Jigsaw Quick Start (Obsolete)

This page is obsolete, it has been replaced by a new Quick Start Guide.

1. Module Declaration


Each module has a module declaration, "module-info.java", specifying the module name, version, and its dependencies. For example, the following is the module-info.java for the "com.greetings" module.
module com.greetings @ 0.1 {
    requires org.astro @ 1.2; // requires a specific version
    class com.greetings.Hello;

This com.greetings module is of version 0.1 and it requires the org.astro module. It also declares its main entry point com.greetings.Hello class. The modular compilation unit grammar is described at https://openjdk.org/projects/jigsaw/doc/lang-vm.html.

This module-info.java doesn't specify any platform module and thus by default it will require the full JRE module ("jdk"). You can specify to require the "jdk.base" module and any other platform module like this:

module com.greetings @ 0.1 {
    requires jdk.base; // default to the highest available version
    requires org.astro @ 1.2;
    class com.greetings.Hello;

Structuring the source tree

For module compilation, the java compiler needs to be able to find the complete module content (module-info.java and classes for each module in source form or in a compiled form). The ModulePath is introduced to make javac module-aware that can compile one or multiple modules. This section describes the ModulePath briefly and please refer to Modules and javac slides for details.

The module-info.java is placed in the root of the source tree of the module's classes. For example, the root of the source tree is under src/classes directory. To evolve from single-module structure of ClassPath, its module-info.java file should be placed under it.

For multiple modules, the source tree for each module are placed in its own subdirectory under the <modulepath> directory. For example, src is the ModulePath. The source tree for com.greetings module and org.astro module are in separate subdirectories under the src directory.
When compiling multiple modules, -modulepath option:
$ javac -d modules -modulepath modules -sourcepath src \
     `find src -name '*.java'`
This will output to multi-module structure.

2. Compile a module

For example, the src directory contains two modules, com.greetings and org.astro modules with the following source files:
$ cat src/com.greetings/com/greetings/Hello.java

package com.greetings;
import org.astro.World;
public class Hello {
    public static void main(String[] args) {
        System.out.println("Hello, " + World.name() + "!");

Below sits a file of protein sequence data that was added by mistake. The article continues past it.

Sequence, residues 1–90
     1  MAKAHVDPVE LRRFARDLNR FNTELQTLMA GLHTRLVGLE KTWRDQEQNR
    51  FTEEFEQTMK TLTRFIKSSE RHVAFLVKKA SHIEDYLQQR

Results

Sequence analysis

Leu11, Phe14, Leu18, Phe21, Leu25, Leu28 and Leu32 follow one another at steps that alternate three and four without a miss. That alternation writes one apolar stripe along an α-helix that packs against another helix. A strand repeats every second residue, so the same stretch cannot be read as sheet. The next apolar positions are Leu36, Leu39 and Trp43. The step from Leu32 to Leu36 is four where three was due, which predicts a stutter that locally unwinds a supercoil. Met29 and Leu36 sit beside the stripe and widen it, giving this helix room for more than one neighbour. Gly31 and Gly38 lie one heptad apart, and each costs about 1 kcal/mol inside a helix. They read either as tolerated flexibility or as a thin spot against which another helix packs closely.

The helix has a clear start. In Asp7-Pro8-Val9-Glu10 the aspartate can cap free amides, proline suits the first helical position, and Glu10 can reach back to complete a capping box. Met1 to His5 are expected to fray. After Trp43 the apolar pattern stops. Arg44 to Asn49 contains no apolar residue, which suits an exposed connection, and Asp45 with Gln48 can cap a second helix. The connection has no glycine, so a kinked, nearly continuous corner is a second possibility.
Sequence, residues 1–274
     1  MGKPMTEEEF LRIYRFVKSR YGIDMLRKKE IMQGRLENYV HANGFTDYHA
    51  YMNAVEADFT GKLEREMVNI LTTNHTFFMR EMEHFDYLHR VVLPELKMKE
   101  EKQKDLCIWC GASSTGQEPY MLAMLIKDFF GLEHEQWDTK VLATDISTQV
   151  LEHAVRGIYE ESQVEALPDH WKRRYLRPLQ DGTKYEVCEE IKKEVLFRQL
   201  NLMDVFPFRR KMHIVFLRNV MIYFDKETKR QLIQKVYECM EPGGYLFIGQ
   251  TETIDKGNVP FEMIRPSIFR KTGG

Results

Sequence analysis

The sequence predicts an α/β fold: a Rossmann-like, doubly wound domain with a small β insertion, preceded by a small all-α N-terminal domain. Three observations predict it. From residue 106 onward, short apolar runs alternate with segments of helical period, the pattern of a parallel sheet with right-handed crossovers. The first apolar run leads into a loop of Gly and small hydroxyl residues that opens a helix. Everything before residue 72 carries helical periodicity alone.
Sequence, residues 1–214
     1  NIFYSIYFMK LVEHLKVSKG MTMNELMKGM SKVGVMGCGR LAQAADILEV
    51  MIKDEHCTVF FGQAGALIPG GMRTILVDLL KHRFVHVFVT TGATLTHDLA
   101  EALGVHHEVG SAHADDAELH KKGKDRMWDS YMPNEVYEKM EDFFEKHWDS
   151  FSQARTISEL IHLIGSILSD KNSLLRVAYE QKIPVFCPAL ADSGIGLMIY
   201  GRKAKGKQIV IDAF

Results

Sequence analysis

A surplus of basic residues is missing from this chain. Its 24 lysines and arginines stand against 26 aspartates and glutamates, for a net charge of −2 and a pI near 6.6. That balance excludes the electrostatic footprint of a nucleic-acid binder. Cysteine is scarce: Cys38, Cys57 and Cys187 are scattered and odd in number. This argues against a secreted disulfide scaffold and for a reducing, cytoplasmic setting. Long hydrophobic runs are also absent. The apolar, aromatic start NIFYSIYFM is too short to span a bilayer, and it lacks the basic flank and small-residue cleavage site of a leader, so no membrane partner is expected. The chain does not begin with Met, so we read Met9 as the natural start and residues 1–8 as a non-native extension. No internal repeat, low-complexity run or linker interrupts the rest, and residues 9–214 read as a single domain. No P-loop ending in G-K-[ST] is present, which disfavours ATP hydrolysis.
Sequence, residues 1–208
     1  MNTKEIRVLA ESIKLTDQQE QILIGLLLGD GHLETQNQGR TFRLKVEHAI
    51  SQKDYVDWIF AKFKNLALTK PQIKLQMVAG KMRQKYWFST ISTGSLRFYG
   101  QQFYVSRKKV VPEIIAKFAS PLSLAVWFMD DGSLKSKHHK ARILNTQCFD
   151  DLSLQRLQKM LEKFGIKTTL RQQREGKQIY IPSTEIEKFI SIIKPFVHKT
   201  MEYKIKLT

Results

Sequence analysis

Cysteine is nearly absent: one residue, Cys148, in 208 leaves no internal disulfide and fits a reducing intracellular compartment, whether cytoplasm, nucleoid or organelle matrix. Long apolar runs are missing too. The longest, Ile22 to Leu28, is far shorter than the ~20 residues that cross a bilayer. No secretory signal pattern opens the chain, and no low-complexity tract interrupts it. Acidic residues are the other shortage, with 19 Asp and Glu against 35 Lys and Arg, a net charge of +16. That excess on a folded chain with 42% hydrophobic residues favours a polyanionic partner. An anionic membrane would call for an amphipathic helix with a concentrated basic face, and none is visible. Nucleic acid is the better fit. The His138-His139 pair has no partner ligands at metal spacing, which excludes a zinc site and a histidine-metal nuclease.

$ cat src/org.astro/module-info.java

module org.astro @ 1.2 {
    exports org.astro;

$ cat src/org.astro/org/astro/World.java

package org.astro;
public class World {
    public static String name() {
        return "world";
$ find src -print
$ javac -d modules -modulepath modules -sourcepath src \
      `find src -name '*.java'`
This compiles all java files under the src directory and outputs to the "modules" directory in multi-module structure.

3. Install a module in a module library

A modular JDK has a system module library in which the platform modules are installed. You can create your own module library using the jmod command:
$ jmod -L mlib create   # this creates a module library "mlib"
Each module library has a parent. By default, it uses the system module library as its parent. The "-P" option can be used to specify a parent module library. A module will be searched from the module library first; if not found, it will delegate to its parent.

You can install one or modules in a module library like this:

$ jmod -L mlib install modules org.astro com.greetings
You can also install a jmod file in a module library.

Currently, there is no jmod option to remove a module from a module library. The workaround is to remove the module content directly:

$ rm -rf mlib/com.greetings

4. Run a module

To run the com.greetings module installed in the "mlib" module library:
$ java -L mlib -m com.greetings
Hello world!
The new "-m" option must be used to run an application in module mode; otherwise, the application will be run in legacy mode.

5. Create a jmod file

Package the com.greetings as a jmod file using the jpkg command:
$ jpkg -m modules/com.greetings jmod com.greetings
$ jpkg -m modules/org.astro jmod org.astro
Files com.greetings@0.1.jmod and org.astro@1.2.jmod will be created. To install the jmod files in a module library:
$ jmod -L mlib install com.greetings@0.1.jmod org.astro@1.2.jmod

Other Useful Commands

$ jmod -L mlib ls       # list all modules installed in mlib

$ jmod -L mlib ls -v    # list with verbose

  requires org.astro@=1.2
  requires jdk@=8-ea

  requires jdk@=8-ea

$ jmod -L mlib dump-config com.greetings

configuration roots = [com.greetings@0.1]
  context +com.greetings
    module com.greetings@0.1
    local (1)
    remote (1101)